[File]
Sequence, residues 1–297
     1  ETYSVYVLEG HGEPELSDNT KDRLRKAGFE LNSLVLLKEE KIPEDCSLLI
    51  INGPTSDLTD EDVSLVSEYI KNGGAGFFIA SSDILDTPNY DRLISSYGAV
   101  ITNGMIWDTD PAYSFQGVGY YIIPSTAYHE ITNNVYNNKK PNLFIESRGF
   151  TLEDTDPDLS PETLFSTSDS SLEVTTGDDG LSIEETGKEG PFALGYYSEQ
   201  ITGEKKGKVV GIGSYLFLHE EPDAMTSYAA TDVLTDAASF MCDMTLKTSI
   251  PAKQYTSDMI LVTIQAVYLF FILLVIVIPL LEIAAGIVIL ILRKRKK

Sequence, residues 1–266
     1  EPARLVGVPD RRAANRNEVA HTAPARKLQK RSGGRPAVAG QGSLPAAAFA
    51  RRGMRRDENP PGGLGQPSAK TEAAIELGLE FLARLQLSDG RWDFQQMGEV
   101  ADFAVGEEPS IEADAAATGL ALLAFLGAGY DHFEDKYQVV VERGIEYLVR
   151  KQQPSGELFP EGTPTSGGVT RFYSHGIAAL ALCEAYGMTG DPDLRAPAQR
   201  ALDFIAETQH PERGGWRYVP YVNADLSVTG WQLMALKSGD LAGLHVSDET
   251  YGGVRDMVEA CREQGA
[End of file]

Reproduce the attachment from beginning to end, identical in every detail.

Sequence, residues 1–297
     1  ETYSVYVLEG HGEPELSDNT KDRLRKAGFE LNSLVLLKEE KIPEDCSLLI
    51  INGPTSDLTD EDVSLVSEYI KNGGAGFFIA SSDILDTPNY DRLISSYGAV
   101  ITNGMIWDTD PAYSFQGVGY YIIPSTAYHE ITNNVYNNKK PNLFIESRGF
   151  TLEDTDPDLS PETLFSTSDS SLEVTTGDDG LSIEETGKEG PFALGYYSEQ
   201  ITGEKKGKVV GIGSYLFLHE EPDAMTSYAA TDVLTDAASF MCDMTLKTSI
   251  PAKQYTSDMI LVTIQAVYLF FILLVIVIPL LEIAAGIVIL ILRKRKK

Sequence, residues 1–266
     1  EPARLVGVPD RRAANRNEVA HTAPARKLQK RSGGRPAVAG QGSLPAAAFA
    51  RRGMRRDENP PGGLGQPSAK TEAAIELGLE FLARLQLSDG RWDFQQMGEV
   101  ADFAVGEEPS IEADAAATGL ALLAFLGAGY DHFEDKYQVV VERGIEYLVR
   151  KQQPSGELFP EGTPTSGGVT RFYSHGIAAL ALCEAYGMTG DPDLRAPAQR
   201  ALDFIAETQH PERGGWRYVP YVNADLSVTG WQLMALKSGD LAGLHVSDET
   251  YGGVRDMVEA CREQGA